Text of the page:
Are you facing the same problem? Why legacy companies lose the modern day customer
Some of the world’s leading financial companies are primed to lose customers to fintech and digital startups. Read why that is and what the companies can do about it to stop the financial sector losing customers. You can download our e-book, Digital Disruption in Financial Services: How to Manage Change
Legacy companies all across the financial sector are losing customers to more agile, digitally savvy and accessible alternatives.
The trend can be seen in private banking, insurance and asset management where startups and fintech offer solutions, services and even storytelling built specifically to meet the expectations of the modern day customer.
“Over the past few years, we have seen a large number of new companies enter the financial market. These new companies have a significant focus on transparency and accessibility. They also have a strong sense of brand identity that they market and communicate extensively to meet the aspirations of modern day customers that don’t necessarily identify with the older institutions,” says Customer Service Director at AlfaPeople, Lucas Santacruz.
According to Lucas Santacruz, new players in the financial market engage younger customers more efficiently than their legacy counterparts. Legacy companies tend to rely on their experience and a large portfolio of services. However, they lack the eye-catching rhetoric and pathos of new companies that have created their profile for an era of social media and swift digital communication. This is one of the key reasons as to why the financial sector is losing customers.
“A lot of these new companies entering the market communicate much more clearly and perhaps even aggressively on social media. They have a strong sense of the spirit of the company, which makes them super identifiable compared to legacy institutions,” explains Lucas Santacruz.
A customer-centric approach
Many new players in the financial market have developed their businesses around a customer-centric approach. These companies are characterised by a high degree of flexibility and digitalisation that enables them to adjust their business extremely efficiently according to market trends and the needs of the customer.
Industry experts predict that legacy companies within the financial sector will need to focus on multi-channel customer service and customer experience, transparency, personalisation and identification to keep up with the new players in the market.
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Do legacy systems prevent growth?
His analysis is supported by the latest World Retail Banking Report 2022 conducted by Capgemini and Efma.
In the report, three quarters of customers surveyed are attracted to the fast, low-cost, easy-to-use products and experiences that fintechs and new players in the market put on offer.
And 95 percent of banking executives identified that legacy systems and outdated core banking modules inhibit efforts to optimize data- and customer-centric growth strategies.
“Take customer service as an example. There are so many new digital channels available that can be used to make customer service more flexible and accessible. For example, with some of the new companies in the financial market you can text the manager using WhatsApp and later that same day, you will get in touch with the person you were looking for. Then, on the other hand, there are legacy companies where customer service is strictly based on call centers and if you want to talk to a manager, you need to book a physical meeting,” explains Lucas Santacruz.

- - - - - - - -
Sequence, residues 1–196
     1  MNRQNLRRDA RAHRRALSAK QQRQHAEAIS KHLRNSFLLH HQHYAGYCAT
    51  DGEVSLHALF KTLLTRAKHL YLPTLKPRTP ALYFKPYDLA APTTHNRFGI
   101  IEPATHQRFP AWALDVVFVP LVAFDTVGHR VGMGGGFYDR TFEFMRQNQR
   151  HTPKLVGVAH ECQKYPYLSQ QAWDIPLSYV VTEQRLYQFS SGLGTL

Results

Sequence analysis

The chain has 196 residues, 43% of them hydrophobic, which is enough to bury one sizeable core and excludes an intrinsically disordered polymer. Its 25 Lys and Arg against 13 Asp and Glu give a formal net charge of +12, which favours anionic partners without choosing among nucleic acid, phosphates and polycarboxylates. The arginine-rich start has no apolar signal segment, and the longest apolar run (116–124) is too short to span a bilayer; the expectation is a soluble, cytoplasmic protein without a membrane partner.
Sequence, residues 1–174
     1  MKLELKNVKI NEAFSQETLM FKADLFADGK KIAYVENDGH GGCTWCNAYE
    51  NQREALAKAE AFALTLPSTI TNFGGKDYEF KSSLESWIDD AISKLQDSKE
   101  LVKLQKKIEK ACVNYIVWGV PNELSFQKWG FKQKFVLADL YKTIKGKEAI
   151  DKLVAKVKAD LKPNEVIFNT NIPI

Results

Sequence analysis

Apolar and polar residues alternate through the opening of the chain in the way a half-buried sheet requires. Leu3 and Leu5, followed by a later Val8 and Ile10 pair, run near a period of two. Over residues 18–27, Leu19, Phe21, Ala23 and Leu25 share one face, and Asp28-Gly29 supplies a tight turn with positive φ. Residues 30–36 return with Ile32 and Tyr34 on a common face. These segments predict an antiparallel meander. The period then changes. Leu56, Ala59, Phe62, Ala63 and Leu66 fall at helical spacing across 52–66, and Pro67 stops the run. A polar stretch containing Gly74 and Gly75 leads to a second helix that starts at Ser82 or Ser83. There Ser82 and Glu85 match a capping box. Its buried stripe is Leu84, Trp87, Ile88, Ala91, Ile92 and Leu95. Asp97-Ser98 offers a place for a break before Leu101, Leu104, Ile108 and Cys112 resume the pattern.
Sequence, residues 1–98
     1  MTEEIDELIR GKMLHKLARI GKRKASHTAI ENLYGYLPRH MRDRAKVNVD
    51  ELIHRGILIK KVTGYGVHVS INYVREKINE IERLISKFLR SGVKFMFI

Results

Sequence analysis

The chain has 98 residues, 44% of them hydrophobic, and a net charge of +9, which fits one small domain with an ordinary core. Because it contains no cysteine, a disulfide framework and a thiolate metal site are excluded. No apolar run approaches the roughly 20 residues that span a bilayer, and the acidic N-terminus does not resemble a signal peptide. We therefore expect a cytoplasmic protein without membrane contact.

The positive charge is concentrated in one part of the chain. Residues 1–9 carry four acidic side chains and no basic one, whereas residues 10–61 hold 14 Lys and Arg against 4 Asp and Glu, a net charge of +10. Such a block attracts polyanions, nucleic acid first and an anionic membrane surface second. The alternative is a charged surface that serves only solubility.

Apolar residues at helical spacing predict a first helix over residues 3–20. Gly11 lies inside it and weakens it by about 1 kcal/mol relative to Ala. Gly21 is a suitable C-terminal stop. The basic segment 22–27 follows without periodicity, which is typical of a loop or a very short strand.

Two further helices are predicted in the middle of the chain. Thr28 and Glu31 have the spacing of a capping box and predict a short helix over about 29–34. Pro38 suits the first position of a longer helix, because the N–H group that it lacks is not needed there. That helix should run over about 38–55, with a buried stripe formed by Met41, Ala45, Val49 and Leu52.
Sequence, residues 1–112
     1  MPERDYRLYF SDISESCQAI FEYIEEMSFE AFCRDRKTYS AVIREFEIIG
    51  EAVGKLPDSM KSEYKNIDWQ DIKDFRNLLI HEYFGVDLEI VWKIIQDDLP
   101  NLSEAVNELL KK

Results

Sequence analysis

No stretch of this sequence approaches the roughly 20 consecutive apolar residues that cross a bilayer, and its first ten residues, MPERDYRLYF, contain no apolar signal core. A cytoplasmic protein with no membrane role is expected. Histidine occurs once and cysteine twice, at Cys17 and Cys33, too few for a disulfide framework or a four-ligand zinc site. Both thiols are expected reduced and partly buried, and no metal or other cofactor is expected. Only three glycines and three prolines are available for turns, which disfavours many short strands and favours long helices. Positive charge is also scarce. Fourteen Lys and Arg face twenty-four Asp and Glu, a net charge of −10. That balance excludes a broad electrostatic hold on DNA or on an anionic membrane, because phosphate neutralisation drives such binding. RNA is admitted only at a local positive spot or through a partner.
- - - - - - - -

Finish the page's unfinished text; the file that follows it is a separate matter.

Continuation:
Customer service as the starting point
The sentiment is echoed by an analysis of the financial sector from McKinsey & Company.
Originally published in the summer of 2019, the report still reflects some of the challenges that legacy institutions in private banking, insurance, asset management etc. face when going up against some of their younger competitors:
Today, many bank processes are anchored to how banks have always done business—and often serve the needs of the bank more than the customer. Banks need to reverse this dynamic and make customer experience the starting point for process design.
To do so, they need to understand what customers want, and how and when they want it.
A frontline revolution
According to Lucas Santacruz, legacy companies have historically prioritised the development of new products within its core output whether in private banking, insurance or other parts of the financial landscape.
The understanding has been that if the core products are good enough then everything else will take care of itself. Customer service and customer experience has been a lesser objective, but that might need to change going forward.
“I think that in the near future legacy companies will start to transform their frontline business. These include all aspects of the company that have a direct impact on customer service and the customer experience. The thinking will gradually become that ‘yes, we have a great product, now let’s make sure that our customers have a great experience using it’. Personally, I definitely think that is the correct approach,” says Lucas Santacruz.
Keywords in the ‘frontline business revolution’ will be customer service, customer experience and personalisation. Customers should be able to personalise products and services and have easy access to customer service as it fits the schedule and channel preferences of the customer.
“I know that it is much easier said than done, but this is my take on what legacy companies need to do,” says Lucas Santacruz.
Learn more about how companies should navigate a changing financial sector in our e-book, Digital Disruption in Financial Services: How to Manage Change.
Interested in learning more? You can always contact AlfaPeople